Sunday, July 20, 2014

Letting Go

While reviewing some of my older posts, I came across this one from 2013. As it directly spoke to me on many levels regarding relationships and agendas, I decided to post an edited version of the original post. I hope that it speaks to you and empowers you to release what is no longer working for you in any area of your life.

Dragging the Corpse

Several years ago, while on a retreat with Don Miguel Ruiz in the ancient ruins of Teotihuacan, Don Miguel spoke about how challenging it is for us to be fully present in our lives. Don Miguel elaborated that our human tendency is to bring our past into the present. This aspect of our human nature profoundly impacts our future. The metaphor Don Miguel shared with retreat participants was: "to bring our past into our present is the equivalent of dragging around a stinking rotting corpse with us wherever we go." Think about this image and allow all of your senses to participate in this image. Over time, we aren’t aware that we are dragging this corpse behind us and don’t even notice how this impacts our life – the weight, smell, sabotaging of work and relationships, as well as the effort required for transporting our burden.

The Burden

The Zen story “The Burden” provides a similar example of our tendency to hold on to the past. Although it may not evoke the image and smell of the graphic Don Miguel Ruiz metaphor, this simple story always sends me on an inner journey. Its message is powerful – one that evokes questions regarding awareness, intention and behavior. Here's the story......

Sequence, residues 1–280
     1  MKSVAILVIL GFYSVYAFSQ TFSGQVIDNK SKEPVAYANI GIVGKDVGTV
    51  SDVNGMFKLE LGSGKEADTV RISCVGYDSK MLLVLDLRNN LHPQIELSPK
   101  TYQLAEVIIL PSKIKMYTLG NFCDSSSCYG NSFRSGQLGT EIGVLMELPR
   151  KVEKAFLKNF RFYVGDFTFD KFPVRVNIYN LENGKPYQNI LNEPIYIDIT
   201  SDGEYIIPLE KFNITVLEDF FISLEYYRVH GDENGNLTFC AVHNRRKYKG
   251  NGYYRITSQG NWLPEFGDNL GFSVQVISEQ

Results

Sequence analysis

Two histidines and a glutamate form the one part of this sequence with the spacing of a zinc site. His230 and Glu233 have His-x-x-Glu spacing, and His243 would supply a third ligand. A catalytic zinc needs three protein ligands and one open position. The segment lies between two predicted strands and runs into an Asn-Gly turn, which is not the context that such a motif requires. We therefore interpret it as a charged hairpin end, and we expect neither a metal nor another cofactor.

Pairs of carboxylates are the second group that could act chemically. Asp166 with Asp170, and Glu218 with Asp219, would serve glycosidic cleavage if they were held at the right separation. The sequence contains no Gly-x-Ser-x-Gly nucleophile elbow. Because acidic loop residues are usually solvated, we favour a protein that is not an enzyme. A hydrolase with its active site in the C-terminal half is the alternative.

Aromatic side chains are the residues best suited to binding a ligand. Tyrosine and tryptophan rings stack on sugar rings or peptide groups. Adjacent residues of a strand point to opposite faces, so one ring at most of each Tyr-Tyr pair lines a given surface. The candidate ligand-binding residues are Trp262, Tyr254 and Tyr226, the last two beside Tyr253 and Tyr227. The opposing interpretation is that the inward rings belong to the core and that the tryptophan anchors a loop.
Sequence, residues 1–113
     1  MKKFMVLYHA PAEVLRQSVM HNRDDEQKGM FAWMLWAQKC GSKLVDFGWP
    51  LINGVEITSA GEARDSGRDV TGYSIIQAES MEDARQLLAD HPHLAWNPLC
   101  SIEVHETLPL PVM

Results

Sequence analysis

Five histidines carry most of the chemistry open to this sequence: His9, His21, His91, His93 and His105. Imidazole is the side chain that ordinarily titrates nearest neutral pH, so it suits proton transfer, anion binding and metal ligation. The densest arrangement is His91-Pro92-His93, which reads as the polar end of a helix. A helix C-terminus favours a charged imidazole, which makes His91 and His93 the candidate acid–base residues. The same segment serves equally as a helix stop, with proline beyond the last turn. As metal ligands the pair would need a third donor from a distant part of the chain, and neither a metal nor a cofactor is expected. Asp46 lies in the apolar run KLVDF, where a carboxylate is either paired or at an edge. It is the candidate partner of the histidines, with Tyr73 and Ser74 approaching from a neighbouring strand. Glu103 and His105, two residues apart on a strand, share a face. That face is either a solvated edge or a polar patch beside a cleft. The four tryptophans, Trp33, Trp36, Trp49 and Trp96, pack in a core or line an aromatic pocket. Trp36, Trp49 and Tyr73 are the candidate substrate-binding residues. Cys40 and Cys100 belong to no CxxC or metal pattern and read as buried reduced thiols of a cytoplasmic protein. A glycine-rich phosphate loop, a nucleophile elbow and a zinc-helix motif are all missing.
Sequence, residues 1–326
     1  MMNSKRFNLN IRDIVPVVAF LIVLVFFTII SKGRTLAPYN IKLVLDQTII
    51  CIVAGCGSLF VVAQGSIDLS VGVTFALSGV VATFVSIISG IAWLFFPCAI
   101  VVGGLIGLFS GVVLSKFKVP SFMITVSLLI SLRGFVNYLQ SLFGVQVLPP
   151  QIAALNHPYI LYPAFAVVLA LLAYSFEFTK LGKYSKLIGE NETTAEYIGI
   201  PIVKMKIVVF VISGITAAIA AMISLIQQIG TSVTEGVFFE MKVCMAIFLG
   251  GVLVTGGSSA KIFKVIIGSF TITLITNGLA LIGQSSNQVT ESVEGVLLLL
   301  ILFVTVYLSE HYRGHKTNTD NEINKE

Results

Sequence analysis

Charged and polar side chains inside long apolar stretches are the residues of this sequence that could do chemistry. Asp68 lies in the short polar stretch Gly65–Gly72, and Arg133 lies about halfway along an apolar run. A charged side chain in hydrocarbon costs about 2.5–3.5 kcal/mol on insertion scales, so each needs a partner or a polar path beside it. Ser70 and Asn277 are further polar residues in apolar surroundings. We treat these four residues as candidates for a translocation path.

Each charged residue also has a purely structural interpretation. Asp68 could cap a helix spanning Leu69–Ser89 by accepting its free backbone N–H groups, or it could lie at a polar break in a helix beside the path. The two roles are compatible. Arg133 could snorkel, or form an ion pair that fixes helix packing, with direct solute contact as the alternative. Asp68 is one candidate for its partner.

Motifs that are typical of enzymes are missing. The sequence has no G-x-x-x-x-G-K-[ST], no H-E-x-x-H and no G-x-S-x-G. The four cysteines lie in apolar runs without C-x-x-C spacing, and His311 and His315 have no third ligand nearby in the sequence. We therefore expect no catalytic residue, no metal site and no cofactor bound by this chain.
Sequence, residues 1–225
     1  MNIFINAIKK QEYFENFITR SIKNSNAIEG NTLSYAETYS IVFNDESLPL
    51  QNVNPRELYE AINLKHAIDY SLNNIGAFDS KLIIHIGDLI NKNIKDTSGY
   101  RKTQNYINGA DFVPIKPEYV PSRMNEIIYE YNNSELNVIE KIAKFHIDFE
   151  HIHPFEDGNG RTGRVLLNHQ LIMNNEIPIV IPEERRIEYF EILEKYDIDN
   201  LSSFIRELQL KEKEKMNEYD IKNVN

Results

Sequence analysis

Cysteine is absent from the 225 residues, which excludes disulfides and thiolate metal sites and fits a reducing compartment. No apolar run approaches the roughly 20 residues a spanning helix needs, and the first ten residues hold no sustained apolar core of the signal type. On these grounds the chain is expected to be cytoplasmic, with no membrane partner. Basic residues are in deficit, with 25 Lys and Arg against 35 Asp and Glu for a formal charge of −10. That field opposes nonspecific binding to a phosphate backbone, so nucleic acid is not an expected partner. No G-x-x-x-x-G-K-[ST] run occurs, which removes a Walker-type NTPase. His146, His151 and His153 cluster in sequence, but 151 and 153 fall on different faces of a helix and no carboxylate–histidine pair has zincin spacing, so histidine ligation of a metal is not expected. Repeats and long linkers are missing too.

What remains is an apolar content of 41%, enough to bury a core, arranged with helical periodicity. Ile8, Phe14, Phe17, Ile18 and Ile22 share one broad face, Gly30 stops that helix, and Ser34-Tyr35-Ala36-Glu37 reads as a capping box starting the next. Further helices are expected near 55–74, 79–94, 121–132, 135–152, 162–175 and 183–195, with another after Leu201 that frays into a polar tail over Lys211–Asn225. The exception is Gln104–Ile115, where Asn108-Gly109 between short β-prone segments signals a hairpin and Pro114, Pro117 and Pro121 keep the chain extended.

Two monks were returning to the monastery in the evening. It had rained and there were puddles of water on the road sides. At one place a beautiful young woman was standing, unable to walk across because of a puddle of water. The elder of the two monks went up to her, lifted her, left her on the other side of the road and continued on his way to the monastery.
In the evening the younger monk came to the elder monk and said: “Sir, as monks, we cannot touch a woman?” The elder monk answered: “yes, brother.” Then the younger monk asks again: “but then Sir, how is that you lifted that woman on the roadside?” The elder monk smiled at him and told him: ”I left her on the other side of the road, but you are still carrying her.”

Questions to Ponder

What burden from the past are you still dragging around today? How different would your experience in the world be if you allowed yourself to release this burden?

 Please visit the following links for related posts:

Optimal Performance Fundamentals
Courage Revisited

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